Slaves of the War Lords (10th Battalion Worcestershire Regiment)
By Henry Russell
Published by Hutchinson & Co. Limited, London.
The book was originally published in 1928
Published as a reprint by Naval & Military Press Limited (288 pages)
The author Henry Russell served in 10th Battalion Worcestershire Regiment in the Great War.
He joined the 10th Worcesters in September 1916 near Hazebrouck and stayed with them until
he was wounded in March 1918. At the time the 10th Battalion was part of the 57th Brigade,
19th (Western) Division.
He saw plenty of front line action and describes it in details in this book with a outspoken
account of what it was like for an ordinary soldier in the trenches. He provides a good
account of the British offensive at the Battle of Messines Ridge on the 7 June 1917.
This book is full of front line action, vividly described with no punches pulled. There were
macabre moments, too, such as on the Ancre when crouched at the bottom of a captured German
trench, waiting to go over the top: “Shift up a bit,” came a voice. “Keep quiet, you idiot!”
whispered other voices. “Shift up a bit, will yer; I’m sitting on a dead Jerry!”
On the night of the 11th/12th February 1917 Russell was involved in a two-company raid,
described in the official Worcestershire regimental history as a successful raid. However,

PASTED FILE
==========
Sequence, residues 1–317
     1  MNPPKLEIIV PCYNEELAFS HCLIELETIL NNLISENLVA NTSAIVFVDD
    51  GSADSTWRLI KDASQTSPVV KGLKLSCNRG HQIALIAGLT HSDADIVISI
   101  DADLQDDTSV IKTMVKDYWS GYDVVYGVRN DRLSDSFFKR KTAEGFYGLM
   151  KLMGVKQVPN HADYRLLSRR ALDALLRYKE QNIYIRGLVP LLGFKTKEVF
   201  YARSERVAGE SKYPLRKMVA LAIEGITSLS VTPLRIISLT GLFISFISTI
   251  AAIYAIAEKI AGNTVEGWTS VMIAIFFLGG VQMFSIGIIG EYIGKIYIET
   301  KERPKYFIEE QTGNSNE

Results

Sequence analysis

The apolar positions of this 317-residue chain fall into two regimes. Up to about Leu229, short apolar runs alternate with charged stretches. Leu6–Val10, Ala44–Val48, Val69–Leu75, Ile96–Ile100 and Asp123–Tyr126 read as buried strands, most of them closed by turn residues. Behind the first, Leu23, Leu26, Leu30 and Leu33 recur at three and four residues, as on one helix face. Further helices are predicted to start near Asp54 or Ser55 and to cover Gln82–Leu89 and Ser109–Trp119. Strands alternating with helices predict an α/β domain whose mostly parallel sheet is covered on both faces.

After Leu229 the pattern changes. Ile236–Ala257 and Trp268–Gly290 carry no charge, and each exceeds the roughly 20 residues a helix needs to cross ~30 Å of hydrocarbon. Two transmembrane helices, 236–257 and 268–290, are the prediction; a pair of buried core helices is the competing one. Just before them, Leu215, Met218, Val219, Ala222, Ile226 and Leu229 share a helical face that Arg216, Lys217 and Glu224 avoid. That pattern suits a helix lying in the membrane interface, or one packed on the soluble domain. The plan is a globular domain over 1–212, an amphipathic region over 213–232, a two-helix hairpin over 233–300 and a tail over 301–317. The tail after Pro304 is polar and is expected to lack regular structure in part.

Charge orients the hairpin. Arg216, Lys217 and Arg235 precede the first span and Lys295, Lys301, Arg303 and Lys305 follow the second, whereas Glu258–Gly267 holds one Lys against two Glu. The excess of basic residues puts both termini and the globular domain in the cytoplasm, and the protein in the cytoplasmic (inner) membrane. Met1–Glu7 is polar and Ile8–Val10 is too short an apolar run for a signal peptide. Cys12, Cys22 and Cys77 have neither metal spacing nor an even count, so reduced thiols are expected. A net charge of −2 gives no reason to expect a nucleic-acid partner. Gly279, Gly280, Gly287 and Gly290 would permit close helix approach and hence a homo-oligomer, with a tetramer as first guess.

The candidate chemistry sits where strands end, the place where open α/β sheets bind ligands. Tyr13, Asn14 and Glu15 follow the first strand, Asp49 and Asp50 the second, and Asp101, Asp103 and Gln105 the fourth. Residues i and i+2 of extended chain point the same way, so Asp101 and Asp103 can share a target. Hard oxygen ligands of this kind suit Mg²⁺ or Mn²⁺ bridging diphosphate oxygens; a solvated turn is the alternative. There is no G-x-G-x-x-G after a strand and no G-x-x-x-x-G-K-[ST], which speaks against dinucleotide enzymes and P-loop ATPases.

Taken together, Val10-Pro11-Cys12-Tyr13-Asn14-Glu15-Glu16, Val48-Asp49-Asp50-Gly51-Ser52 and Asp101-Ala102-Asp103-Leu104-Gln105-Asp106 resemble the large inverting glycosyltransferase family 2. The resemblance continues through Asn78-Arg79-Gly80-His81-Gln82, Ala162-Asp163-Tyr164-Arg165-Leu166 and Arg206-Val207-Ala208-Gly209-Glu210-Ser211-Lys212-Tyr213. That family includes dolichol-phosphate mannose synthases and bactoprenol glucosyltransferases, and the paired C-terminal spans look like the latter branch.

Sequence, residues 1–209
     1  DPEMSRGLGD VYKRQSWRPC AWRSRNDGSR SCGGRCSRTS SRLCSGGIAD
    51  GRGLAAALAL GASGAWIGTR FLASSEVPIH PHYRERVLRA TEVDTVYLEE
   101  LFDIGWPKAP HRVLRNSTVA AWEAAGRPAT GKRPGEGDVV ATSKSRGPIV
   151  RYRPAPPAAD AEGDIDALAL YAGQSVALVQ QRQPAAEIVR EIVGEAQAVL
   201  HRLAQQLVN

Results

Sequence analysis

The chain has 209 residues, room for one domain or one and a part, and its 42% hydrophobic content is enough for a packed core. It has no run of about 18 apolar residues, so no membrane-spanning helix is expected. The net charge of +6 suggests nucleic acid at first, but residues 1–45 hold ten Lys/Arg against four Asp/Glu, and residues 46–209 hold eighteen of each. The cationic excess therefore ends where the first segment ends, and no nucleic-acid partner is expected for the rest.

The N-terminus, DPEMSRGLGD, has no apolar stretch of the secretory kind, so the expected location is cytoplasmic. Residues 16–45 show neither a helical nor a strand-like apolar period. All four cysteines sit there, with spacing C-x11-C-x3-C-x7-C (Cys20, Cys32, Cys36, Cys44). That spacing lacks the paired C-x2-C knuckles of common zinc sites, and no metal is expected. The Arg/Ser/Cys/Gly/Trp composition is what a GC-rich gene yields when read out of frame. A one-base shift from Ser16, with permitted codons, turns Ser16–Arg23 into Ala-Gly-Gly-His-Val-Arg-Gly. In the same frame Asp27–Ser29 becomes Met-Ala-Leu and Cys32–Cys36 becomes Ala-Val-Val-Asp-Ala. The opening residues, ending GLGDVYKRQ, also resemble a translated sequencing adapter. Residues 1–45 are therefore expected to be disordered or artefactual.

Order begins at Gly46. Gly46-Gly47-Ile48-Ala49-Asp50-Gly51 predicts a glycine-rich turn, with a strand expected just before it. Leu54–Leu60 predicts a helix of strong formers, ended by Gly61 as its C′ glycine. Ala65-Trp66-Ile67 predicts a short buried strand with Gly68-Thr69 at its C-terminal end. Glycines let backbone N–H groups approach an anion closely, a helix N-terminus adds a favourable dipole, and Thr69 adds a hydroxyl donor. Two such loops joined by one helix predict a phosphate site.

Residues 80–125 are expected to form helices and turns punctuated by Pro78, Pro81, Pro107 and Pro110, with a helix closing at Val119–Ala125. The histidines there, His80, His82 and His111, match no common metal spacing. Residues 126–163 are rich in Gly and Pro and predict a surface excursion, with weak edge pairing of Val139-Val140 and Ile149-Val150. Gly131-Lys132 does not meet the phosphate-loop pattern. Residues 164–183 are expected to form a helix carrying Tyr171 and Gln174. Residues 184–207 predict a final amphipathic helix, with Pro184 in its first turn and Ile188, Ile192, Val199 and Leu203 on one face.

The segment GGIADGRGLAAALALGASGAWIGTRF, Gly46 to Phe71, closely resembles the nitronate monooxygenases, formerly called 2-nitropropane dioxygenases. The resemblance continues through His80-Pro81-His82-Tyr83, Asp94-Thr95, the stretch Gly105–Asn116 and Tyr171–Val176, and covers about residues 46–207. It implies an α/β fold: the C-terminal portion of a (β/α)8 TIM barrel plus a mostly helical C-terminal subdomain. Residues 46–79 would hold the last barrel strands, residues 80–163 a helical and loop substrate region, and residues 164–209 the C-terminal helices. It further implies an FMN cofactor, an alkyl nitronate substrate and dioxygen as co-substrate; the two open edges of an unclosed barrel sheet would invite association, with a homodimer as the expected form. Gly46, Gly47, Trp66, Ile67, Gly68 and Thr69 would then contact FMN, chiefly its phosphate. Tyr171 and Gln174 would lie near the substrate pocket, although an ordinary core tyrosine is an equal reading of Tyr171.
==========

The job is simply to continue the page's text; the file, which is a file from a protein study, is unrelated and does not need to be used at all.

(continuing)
Russell’s view was markedly different, saying that no military advantage was gained by the
raid and no new trenches were occupied. The 10th Worcesters paid a heavy price for this
attack with 4 killed, 13 missing, 3 officers and 39 other ranks wounded.
In May 1917 the 10th Battalion was in divisional reserve in the area around Messines and took
over trenches forward of Vierstraat facing the village of Wytschaete. The author describes
the moment on the morning of 7th June 1917 when the mines went up: "There was a huge tearing
crash, the trench shook as if by an earthquake, and over the length of the front from Hill 60
to Messines appeared a scene like so many volcanoes in eruption. Simultaneously, from the rear
came the dreadful roar of a thousand cannon, and the rattle of countless machine-guns.......The
volume of sound made men sweat in an agony of fear."
Russell’s war came to an end on the first day of the German offensive, 21st March 1918, when
he was wounded and evacuated to England. He did not return to the battlefields.
Notes: A 2001 reprint of this book is available from Naval & Military Press Limited
(Tel. +44 (0)1825 749494).